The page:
Good morning everyone! Nice to meet you all! I want to start learning a new language and I am thinking about Clojure. I have functional programming background. The purpose of learning it is to use it in my existing company's stack. We are a JVM company. Any good book for the newcomer?

practicalli_john09:09:50 has books and 80+ hours of videos to help learn the Clojure language and development with Clojure. Content regularly added... Feel free to ask questions about the content in #practicalli


@pmamatsis as I heard there are many good ones. I really liked and you can read it online for free

michele mendel08:09:15

I can also recommend Brave Clojure. I also read, but it doesn't go as deep in the material as Brave. Next book will be, since it talks about working on a project.


@michelemendel oh clojure applied looks great! Gotta put it on my to-read list

Panagiotis Mamatsis11:09:59

Thank you all so much for your answers! I will be starting on tonight! Please bear with me! I will come back with more questions! :)

Test This12:09:03

@pmamatsis I am beginner to clojure too. Since you know Java you are likely in a much better situation than I. But the two I liked are: Clojure Workshop and Living Clojure.

michele mendel12:09:47

I also recommend listening to Eric Normand’s podcasts.

Michael J Dorian13:09:19

Hey friends, is it typical when building a clojure API to pass data to the (also clojure) frontend as json, or plaintext? Or, is there a way to do edn directly?

Michaël Salihi13:09:16

Hi! I want to share this GIT repository that might be useful for beginners. This is the useful usermanager example of @seancorfield ( but for which for learning purposes, I started again from scratch by replacing the Compojure librarie by Reitit and Component by Integrant : Cheers!


So im doing some refactoring work(mostly Im trying to remove unwanted dynamism). I started to run into glorious cyclic dependency problem. It is kind of prominent in clojure since namespaces get initialized with require -> for instance in python import only references a namespace, it gets initialized on first access/invokation from that ref. Is there any sane way of dealing with stuff like this?


@roguas Im pretty new to clojure but I believe the problem is often the same. Cyclic dependencies often show that things depend on each other which shouldnt. One way this is often tackled is by using a separate namespace for protocols and alike


Ive read some discussions regarding this and somehow understand certain underlying problems with that. Problem is that some things are in fact reliant on each other in this way and it is kindof pointless to redesign for compilation only. Like in the python example, you can do import b import a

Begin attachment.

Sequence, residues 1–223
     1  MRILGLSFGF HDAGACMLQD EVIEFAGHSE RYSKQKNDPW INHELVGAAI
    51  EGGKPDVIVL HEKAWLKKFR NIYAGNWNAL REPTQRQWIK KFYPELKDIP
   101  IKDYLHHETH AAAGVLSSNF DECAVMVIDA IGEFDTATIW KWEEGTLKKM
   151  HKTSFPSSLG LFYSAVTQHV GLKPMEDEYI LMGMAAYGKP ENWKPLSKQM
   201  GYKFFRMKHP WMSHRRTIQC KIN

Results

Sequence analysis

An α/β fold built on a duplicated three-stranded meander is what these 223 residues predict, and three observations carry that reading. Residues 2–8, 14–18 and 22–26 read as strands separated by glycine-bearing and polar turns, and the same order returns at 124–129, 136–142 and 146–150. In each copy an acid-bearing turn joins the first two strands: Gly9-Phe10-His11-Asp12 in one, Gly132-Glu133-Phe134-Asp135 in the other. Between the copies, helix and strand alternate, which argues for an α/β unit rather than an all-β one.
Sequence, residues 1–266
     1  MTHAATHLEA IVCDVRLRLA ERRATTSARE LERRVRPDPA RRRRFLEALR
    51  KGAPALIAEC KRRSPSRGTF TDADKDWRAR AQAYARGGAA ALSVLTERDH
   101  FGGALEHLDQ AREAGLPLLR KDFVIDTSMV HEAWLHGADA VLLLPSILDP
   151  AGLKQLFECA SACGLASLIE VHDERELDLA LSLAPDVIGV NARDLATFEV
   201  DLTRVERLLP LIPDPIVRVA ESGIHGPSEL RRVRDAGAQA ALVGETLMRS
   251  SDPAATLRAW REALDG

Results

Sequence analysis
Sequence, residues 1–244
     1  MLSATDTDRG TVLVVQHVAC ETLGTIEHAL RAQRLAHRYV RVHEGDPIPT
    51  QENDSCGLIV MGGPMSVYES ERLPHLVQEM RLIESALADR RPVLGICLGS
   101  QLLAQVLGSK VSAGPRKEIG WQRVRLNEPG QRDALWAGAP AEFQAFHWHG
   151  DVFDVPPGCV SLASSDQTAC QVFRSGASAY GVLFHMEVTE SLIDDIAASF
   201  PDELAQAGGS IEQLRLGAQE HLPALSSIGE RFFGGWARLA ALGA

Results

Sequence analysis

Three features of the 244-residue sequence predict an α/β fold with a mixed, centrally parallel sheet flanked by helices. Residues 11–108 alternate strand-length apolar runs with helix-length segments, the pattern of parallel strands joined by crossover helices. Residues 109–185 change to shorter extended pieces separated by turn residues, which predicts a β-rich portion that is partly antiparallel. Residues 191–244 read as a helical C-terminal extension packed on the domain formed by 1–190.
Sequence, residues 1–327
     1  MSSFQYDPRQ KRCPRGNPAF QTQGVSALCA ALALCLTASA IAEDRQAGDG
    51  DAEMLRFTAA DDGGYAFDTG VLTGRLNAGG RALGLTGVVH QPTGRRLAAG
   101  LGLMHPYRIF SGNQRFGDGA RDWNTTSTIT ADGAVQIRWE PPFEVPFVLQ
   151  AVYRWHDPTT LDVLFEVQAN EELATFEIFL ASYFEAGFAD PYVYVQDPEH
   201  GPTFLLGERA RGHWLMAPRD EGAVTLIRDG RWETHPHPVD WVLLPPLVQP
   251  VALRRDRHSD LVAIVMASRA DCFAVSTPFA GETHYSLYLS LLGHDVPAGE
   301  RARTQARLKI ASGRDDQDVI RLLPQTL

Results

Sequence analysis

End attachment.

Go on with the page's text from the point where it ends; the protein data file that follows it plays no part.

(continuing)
Yes, that does not work in clojure or as I had the problem too, in golang. One part of me tells me this is good though. The redesign paid out in the end as things got decomplected


The general way to go is then that different namespaces talk to each other over abstractions from a separate namespace and things which really belong together go in the same namespace


Is it possible to do require during runtime? I am trying but keep getting Unable to find static field


what are you trying?


@dpsutton so currently I can kick the can down the road, by defering requiring a namespace into function. Since the namespace I want available has only one symbol/definition.

; a.clj
(ns a)

(def y 3)
(defn get-x [] 
  (require `(b))

; b.clj
(ns b (:require [a :as a])
(def x 2) 


I am trying to avoid this problem as it currently requires too much refactoring for the chunk I am about to clean up. So I want to defer namespace initialization till a function gets invoked.


This way, whenever a/get-x gets called b will already by initialized (so skipped)


someone had a similar problem yesterday. require is runtime but still clojure is trying to compile b/x and there is no b. you can do (requiring-resolve 'b/x) (where b/x is the fully qualified name of x) or, if you're sure that b has been loaded you could just use the fully qualified path. both of these are hacks around the design and fixing that would most likely be your best bet


Still kinda stuck is this the way to go?:

; a.clj
(ns a)
(def y 3)
(defn get-x [] 
  (requiring-resolve 'b/x)


check the docstring on requiring-resolve


it returns the var and then you would use it. (let [f (requiring-resolve 'b/x)] (f))


thanks, (var-get) got me to goodworkable place

Panagiotis Mamatsis14:09:57

Can someone please explain what is the difference between actors and agents? I can't quite understand the difference.


probably helpful for perspective


If I eval a symbol without any namespace: (eval '>) (defn f [] (+ 1 1)) (eval 'f) To my surprise, eval does the right thing: it finds clojure.core/>, and finds my.namespace/f Is there an article on how clojure resolves symbols? Would love to read it!